Bighorn Gorge Hiking Guide | Death Valley National Park

If you like your hiking challenging, adventurous, and physical, then Bighorn Gorge is the Death Valley hike for you. This twenty mile route will keep you on your toes with cross-country route finding, a bit of rock scrambling, lack of water, and sheer distance! But never fear, it’s accessible to anyone who puts in the effort to prepare, and it will reward you with solitude and a sense of exploration unparalleled on other Death Valley hikes.

Bighorn Gorge is my favorite hard hike in Death Valley National Park. Though it’s not exactly popular, it’s not unknown either, and there isn’t much information available online to help prospective hikers plan their trip. In this post I’ll explain how to hike Bighorn Gorge and what to expect from this special backpacking trip or epic day hike.

Bighorn Gorge Hike Overview

Distance: 20 miles round trip
Elevation gain: 4000 feet (~1350 to 5000 feet)
Type: out and back (overnight or long day hike)
Trail: none
Water: none!
Class: mostly class 2 cross-country hiking with a few easy class 3 scrambling moves

Start and finish: Free parking along Scotty’s Castle Road, ~13 miles north of Titus Canyon Road

When to hike: This route is best in spring or fall. Winter is usually snow free but chilly; pack warm layers! Summer would be quite hot at lower elevations, possibly dangerously so given the lack of water on this route.

Fees and permits: No permits required, but Bighorn Gorge hike lies within Death Valley National Park which requires an entrance fee.

Backpack or Day Hike?

Most people hike Bighorn Gorge as a backpacking trip, carrying camping gear and water into the lower gorge and setting up camp before it narrows into the canyon. This allows a more leisurely exploration of the canyon on day 2, followed by the hike out. Staying for a second night / third day would only be feasible if you pack in a LOT of water, so I don’t think it’s usually done.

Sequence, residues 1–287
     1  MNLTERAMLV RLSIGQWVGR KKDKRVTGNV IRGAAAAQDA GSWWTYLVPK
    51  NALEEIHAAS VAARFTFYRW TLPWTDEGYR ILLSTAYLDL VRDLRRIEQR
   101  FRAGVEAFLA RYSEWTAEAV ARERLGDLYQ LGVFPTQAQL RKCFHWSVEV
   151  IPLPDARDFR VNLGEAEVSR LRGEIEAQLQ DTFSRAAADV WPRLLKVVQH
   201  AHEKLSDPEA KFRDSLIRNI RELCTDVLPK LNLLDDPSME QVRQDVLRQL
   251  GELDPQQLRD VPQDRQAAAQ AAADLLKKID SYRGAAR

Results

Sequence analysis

Bighorn Gorge can certainly be done as a very long day hike as well, which is how we did it. Expect your pace to be slower than usual due to the route finding, rocky ground, and occasional scrambling. Plan to start and/or finish in the dark (bring headlamp and GPS track) if you do the whole thing.

If you’d like to do a day hike but 20 miles sounds too long, you could just turn around whenever you feel like it, or when you come to a dry fall you’d rather not climb. Keep in mind that it’s 4.5 miles just to the mouth of the gorge and another couple until the upper gorge, so you’ll have to do at least ~15 miles just to see the beginning of the most interesting part.

Route Map

Here you can see the elevation profile and route map, including a little blip on the way back when we got a bit off track in the dark.

And here’s a a Gaia GPS track, which you can import into your own GPS navigation app:

Route Description

From your parking spot on Scotty’s Castle Road (drop a pin or start tracking with your GPS app!), set off across the open desert toward the mouth of the gorge. It’s gentle downhill until you hit Death Valley Wash, which you’ll need to find your way across. Then the gentle uphill begins across the alluvial fan as you head toward the obvious mouth of the gorge. You’ll enter the gorge around 4.5 miles from the start.

Starting the hike on a cold December morning. You can see the mouth of the gorge toward the left.

Once you enter the lower gorge, the way is obvious (if a bit slow going) in the wide rocky wash. Gradually the gorge narrows until canyon walls begin to close in, and the interesting part of the hike begins. If you’re doing this hike as an overnight backpacking trip, look for a place to set up camp somewhere in the lower gorge.

Entering the mouth of the lower gorge

Once you enter the upper gorge, the path becomes a beautiful canyon with smooth, curving walls and interesting passages. The surface is mainly rock and gravel as you wind between the walls. The main passage continues to be obvious, though you’ll come across several “dry falls” (waterfalls without water) that need to be climbed to continue your progress. Here are two examples: